What is abrasion
Mechanic abrasion of moldavites is basicaly a scraping of the surface during which the original surface is lost. In other words the surface is ground off.
What does abrasion look like?
A strong abrasion can be recognized at first sight a moldavite looks like a pebble stone from a river or the sea. The original sculpture (the texture of the surface) is gone or in the case of moldavites with a lesser rate of abrasion remains of sculpture are visible. The surface of strongly abraded moldavites is on the whole matte.
A mild abrasion is obvious especially on the edges and apexes of sculptation. The apexes and edges are smoothed and matte. Abrasion is easily detected in shiny moldavites, where there is a great contrast between the original shiny suface and the matte surface caused by abrasion.
Natural abrasion of moldavites
There is also a natural way abrasion comes about. In the past it was maily due to the motion of the sediment with moldavites – moldavites were mechanically affected by surrounding rock (clay, sand, gravel and stones).
In some places the motion was slight and slow. It took several millions years. Stones from such locations have beautiful sculpture and abrason on their surface is not perceptible.
A severe abrasion can come about even during a very short time – in locations, where the layer with moldavites is not deep enough in the ground. In such locations moldavite can be often found on the surface, e.g. on fields and meadows. Those moldavites are affected by agricultural use of land (plowing etc.). Heavy rains, during which water shifts moldavites as well as surrounding soil, are another cause of abrasion.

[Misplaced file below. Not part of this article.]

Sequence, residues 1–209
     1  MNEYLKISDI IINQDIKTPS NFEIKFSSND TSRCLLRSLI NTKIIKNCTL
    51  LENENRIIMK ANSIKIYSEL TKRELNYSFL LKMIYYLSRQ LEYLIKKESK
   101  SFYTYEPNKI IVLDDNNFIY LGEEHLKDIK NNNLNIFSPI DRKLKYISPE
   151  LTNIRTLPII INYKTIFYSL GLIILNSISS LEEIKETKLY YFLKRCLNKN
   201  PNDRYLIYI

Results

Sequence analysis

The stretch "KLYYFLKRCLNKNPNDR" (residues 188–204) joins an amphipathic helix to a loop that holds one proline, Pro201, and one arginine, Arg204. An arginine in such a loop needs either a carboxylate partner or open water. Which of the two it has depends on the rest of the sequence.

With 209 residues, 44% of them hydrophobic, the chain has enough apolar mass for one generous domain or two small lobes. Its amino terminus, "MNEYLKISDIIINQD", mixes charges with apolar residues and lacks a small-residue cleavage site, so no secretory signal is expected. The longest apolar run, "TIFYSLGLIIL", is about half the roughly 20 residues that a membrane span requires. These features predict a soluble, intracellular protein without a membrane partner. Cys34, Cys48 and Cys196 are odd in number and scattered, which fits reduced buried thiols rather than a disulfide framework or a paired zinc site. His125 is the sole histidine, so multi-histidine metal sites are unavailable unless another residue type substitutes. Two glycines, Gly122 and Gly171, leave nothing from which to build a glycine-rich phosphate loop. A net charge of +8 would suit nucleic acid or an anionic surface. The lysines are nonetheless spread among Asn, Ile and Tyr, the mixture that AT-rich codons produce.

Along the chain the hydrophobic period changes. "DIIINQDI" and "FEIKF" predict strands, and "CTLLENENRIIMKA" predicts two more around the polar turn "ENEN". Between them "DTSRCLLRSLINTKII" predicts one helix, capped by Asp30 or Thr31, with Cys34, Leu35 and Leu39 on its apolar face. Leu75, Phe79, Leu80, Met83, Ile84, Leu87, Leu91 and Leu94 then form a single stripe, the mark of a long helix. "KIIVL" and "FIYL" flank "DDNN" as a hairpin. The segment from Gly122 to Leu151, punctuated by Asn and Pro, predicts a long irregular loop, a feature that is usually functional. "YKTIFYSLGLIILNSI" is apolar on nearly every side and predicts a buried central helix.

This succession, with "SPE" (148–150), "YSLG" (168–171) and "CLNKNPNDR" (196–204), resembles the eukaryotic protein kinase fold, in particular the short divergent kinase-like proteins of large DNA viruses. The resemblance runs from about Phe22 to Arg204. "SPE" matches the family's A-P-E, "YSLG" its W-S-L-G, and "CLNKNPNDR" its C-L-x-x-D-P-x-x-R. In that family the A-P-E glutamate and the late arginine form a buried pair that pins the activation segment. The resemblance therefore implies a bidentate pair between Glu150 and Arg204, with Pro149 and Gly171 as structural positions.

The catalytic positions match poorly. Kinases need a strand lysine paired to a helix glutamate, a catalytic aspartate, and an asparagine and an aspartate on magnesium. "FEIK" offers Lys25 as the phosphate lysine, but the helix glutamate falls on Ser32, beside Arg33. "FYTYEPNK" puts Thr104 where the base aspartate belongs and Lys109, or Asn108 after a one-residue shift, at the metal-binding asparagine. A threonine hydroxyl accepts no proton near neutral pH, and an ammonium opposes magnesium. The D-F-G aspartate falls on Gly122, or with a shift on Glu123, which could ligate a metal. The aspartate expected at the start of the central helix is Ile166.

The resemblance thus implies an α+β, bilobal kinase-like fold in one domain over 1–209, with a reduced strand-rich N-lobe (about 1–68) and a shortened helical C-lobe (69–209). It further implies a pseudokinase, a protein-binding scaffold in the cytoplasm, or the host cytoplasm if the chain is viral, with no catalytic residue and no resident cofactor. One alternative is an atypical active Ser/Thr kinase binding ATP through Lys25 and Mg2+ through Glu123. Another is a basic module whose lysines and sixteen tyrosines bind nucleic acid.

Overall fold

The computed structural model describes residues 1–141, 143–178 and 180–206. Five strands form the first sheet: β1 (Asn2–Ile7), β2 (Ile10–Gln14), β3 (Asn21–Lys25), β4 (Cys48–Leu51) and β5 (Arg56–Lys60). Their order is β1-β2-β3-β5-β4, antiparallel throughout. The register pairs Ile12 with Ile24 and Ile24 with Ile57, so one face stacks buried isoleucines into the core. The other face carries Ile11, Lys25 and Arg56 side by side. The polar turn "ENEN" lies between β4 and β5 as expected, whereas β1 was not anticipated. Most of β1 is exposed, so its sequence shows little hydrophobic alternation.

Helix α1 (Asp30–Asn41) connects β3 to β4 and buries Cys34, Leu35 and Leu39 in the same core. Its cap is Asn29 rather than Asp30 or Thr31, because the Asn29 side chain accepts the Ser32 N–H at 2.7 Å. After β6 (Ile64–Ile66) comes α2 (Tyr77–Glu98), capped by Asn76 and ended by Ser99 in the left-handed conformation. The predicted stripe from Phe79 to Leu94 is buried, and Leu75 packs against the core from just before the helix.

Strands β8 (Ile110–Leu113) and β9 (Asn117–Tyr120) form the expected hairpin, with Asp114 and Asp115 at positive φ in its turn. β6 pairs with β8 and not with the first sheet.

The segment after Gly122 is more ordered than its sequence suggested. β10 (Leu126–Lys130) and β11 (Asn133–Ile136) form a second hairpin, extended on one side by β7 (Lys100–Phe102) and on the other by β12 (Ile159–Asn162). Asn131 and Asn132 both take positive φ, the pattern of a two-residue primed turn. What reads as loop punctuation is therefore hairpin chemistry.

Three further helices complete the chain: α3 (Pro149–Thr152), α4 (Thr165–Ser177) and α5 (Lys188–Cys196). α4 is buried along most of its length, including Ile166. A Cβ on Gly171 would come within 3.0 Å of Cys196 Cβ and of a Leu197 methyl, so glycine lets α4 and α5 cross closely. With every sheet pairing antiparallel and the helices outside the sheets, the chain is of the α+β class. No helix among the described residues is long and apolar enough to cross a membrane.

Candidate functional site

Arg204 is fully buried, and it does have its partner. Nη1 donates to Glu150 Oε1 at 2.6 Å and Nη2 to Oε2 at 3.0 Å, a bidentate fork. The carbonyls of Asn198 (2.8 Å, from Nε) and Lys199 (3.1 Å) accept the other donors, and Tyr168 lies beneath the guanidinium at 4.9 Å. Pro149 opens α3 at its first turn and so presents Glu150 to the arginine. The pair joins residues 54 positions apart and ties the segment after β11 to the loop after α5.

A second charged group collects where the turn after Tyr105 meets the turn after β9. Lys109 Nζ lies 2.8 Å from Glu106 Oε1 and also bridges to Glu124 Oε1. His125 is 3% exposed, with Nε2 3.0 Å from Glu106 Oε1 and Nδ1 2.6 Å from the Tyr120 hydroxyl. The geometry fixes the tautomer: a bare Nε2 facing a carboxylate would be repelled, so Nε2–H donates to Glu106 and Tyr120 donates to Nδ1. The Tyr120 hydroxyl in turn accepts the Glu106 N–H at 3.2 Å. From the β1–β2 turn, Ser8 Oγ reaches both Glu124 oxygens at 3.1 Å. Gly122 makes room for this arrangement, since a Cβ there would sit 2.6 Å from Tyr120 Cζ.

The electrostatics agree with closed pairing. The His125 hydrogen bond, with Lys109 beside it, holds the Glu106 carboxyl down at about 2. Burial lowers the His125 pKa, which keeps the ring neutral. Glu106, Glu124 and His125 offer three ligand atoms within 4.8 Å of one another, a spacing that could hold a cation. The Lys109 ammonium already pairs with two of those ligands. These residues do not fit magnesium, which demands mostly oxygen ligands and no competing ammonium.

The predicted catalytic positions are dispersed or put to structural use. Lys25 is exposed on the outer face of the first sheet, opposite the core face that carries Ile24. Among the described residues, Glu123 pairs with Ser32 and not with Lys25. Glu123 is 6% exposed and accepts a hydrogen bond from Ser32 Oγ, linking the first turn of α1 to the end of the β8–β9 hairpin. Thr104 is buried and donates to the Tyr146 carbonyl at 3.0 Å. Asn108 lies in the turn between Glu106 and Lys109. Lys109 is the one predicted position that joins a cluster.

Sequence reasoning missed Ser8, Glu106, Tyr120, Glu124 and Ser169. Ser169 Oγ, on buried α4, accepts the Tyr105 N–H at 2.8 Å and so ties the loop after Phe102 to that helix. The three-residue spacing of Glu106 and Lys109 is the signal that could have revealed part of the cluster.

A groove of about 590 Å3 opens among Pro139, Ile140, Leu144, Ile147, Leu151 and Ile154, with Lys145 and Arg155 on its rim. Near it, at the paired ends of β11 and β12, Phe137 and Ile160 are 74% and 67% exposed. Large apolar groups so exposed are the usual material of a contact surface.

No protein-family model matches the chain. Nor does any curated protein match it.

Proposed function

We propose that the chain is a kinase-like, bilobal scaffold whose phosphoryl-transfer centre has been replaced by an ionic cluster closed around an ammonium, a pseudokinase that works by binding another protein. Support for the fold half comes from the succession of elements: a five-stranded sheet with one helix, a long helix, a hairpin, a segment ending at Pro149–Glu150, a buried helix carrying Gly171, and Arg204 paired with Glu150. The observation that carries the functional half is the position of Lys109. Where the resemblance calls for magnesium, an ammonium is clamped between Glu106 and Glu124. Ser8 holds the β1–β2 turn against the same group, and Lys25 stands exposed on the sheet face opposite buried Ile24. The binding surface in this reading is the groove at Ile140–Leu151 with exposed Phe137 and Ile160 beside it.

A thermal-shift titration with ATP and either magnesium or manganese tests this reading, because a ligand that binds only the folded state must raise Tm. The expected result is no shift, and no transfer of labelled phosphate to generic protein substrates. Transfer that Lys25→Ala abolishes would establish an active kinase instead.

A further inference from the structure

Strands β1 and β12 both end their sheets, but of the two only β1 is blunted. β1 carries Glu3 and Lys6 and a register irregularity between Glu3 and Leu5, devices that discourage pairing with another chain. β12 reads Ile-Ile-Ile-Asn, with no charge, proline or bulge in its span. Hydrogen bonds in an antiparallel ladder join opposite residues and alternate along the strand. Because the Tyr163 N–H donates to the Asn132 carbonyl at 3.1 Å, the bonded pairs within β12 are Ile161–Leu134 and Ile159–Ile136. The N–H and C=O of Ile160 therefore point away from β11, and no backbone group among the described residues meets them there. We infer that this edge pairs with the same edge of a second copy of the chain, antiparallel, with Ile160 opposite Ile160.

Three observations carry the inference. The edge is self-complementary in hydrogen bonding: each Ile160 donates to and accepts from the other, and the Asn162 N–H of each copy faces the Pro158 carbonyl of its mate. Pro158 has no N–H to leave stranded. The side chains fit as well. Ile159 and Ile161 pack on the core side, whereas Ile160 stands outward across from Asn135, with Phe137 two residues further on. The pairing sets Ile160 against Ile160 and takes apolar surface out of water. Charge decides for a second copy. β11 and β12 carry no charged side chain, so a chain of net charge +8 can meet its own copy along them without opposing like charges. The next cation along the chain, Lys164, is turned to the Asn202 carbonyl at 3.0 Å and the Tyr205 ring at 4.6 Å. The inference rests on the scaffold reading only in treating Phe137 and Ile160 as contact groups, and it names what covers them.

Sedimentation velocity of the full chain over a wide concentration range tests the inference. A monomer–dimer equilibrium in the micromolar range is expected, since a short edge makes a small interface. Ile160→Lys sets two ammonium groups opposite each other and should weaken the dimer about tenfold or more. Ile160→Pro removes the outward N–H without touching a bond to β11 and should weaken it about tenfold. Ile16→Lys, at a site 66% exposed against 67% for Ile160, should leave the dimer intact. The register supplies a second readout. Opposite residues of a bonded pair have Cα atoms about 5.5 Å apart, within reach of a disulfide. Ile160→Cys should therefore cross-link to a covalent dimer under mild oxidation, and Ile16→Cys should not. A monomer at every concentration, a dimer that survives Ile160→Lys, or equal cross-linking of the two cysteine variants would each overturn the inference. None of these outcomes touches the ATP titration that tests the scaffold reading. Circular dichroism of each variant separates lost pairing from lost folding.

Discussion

Moldavite with a very severe abrasion (i.e. with partially removed original sculpture) look like dried plums and they are sometimes called so.
Unfortunately a frequent cause of abrasion is unsuitable storage and transport of a larger amount of moldavites. This unnatural abrasion is caused by friction of the moldavites on one another.
Very often reseller from countries distant from the Czech Repiblic (the main location where moldavites are found) sell abraded moldavites. These reseller buy in the Czech Republic a larger amount of moldavites which they pack in a way that moldavites touch each other to save space during transport. Subsequently, during transport there is motion and shaking and thus the moldavites touch and abrade each other.
Sharp apexes and the surface of shiny moldavites are the easiest to be damaged in such way.
How to recognize a natural and artificial abrasion
Abrasion of natural origin is most often quite pronounced. Original sculpture is either partly or totally rubbed off.
On the other hand only a slight abrasion is usually artificial. It come about due to unsuitable storage or transport. It is the most obvious on moldavites with sharp surfaces. It can be seen especially on the sharp apexes and edges of moldavites.